Review: Daughters of Rome by Kate Quinn

by 7/01/2012 0 comments
It's been a while since I read anything but romance, and I thought it was time to return to a favourite genre of mine: historical fiction. I left off mid series after reading Mistress of Rome by Kate Quinn, so she's the author I decided to return to.


Summary:The Roman Empire is up for the taking. With bloodshed spilling out of the palace and into the streets of Rome, chaos has become the status quo. The Year of Four Emperors will change everything—especially the lives of two sisters with a very personal stake in the outcome….

Elegant and ambitious, Cornelia embodies the essence of the perfect Roman wife. She lives to one day see her loyal husband as Emperor. Her sister, Marcella, is more withdrawn, content to witness history rather than make it. Even so, Marcella has her share of distinguished suitors, from a cutthroat contender for the throne to a politician’s son who swears that someday he will be Emperor.

But when a bloody coup turns their world upside down, Cornelia and Marcella—along with their cousins, one a collector of husbands and lovers, the other a horse-mad beauty with no interest in romance—must maneuver carefully just to stay alive. As Cornelia tries to pick up the pieces of her shattered dreams, Marcella discovers a hidden talent for influencing the most powerful men in Rome. In the end, though, there can only be one Emperor … and one Empress.
Summary from 

My Review: 

I really like Kate Quinn. Her books are easy to read, the prose flows like melting wax and the story is told so beautifully that you're just sucked into it. Because for me, Daughthers of Rome started slow. But then before I knew it, I was invested in these four Roman women and their lives. I felt sorry for them, but my admiration for their strength of character grew as the story of the Year of Four Emperors was told.

Cornelia at first, came across as the fussy, prudish ever do right of this foursome. I was a little dazed by her husband's death, and slightly indifferent to her grief, but that's only because I didn't know Cornelia then. Later, when she takes Drusus as her lover, and she starts to leave behind the conventionality of bring a patrician, Cornelia grew on me. A woman seeking her own happiness? Putting aside the dangerous politics of the times and her family's good standing to turn down suitors to honour herself and the memory of her husband? I got to respect that. Reinventing herself with Drusus? Beautiful. Love this strong woman. Because this is a story about strong women, I discovered.

Lollia, the flirty, empty headed trollop of the family comes next. That's all she is in the beginning, a woman too busy with her love affairs for her own child, buying a slave for her own sexual pleasures. And she becomes the character I admire most. She is, oddly enough, very kind, non judgemental. Lollia gives to the poor during the flooding of the river Tiber, comes to love her body slave, and just becomes that wise woman of the world all young women should talk to once in their life--at nineteen, mind you. She protects her child and slave from her barbarous husband, and she's just nice. I like her. Quiet strength is often the strongest.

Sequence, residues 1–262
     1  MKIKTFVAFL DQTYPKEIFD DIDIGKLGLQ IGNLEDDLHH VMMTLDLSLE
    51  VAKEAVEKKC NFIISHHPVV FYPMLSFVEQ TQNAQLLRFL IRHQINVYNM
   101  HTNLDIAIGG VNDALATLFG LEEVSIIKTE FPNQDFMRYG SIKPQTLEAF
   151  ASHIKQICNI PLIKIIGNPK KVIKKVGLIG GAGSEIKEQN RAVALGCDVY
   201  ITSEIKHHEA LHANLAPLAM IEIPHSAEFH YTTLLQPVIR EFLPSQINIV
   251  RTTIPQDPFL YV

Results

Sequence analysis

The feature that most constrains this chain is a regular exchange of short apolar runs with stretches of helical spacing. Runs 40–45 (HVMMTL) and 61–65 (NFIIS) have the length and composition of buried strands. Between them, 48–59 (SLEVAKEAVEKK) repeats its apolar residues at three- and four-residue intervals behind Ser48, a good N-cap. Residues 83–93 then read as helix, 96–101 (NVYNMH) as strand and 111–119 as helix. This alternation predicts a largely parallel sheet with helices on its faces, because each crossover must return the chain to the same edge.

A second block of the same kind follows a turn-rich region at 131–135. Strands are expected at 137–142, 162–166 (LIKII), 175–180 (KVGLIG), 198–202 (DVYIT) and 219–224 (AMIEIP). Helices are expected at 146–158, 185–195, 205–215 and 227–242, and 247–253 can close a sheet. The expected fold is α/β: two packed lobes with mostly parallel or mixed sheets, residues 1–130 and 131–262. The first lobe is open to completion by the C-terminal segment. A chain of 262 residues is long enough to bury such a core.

Diana the huntress, I was so curious about her. Shunning suitors, loving horses, learning to drive a chariot. I thought she'd find some grand love but I laughed when I realized that love was her horses, and probably only them. I should have realized that she was too much her own person, too independent to end up any other way than making her own way in the world. And I smiled with triumph when she unravelled Marcella in the bath house. Utterly brilliant, and beautifully timed by Quinn. And highlighting that Diana is far more intelligent than anyone has ever really bothered to notice.

Marcella. The beautiful, but rather ignored intelligent woman of this foursome. Not destined to be Empress, not able to really be a historian, with nothing to occupy her time or her insightful mind, I felt sorry for her at first. She was just so unimportant to her family. To everyone almost. But then I watched her mind slowly snap with her own bitterness and plotting, and I'm not sorry for her own anymore. By the end, when she's still underestimating her sister and cousins, she comes across as slightly mad. Marcella becomes Empress of Rome, a fate she never wanted or sought after with all her plotting. It's a fitting end for this author of history. I don't like Marcella much, but I'm sad to think it was her lot in life as a woman, that drove her to such an end.

 I missed Thea and Arius. I know Vix's story is next, but that just shows you how much I loved Quinn's first book.

So...four and a half glittering stars

Jewels E


I'm a thirty something girl who loves to read, write and dream. Because I'm so addicted to the written word in all its forms, I created this blog to share the books that devastate me with you.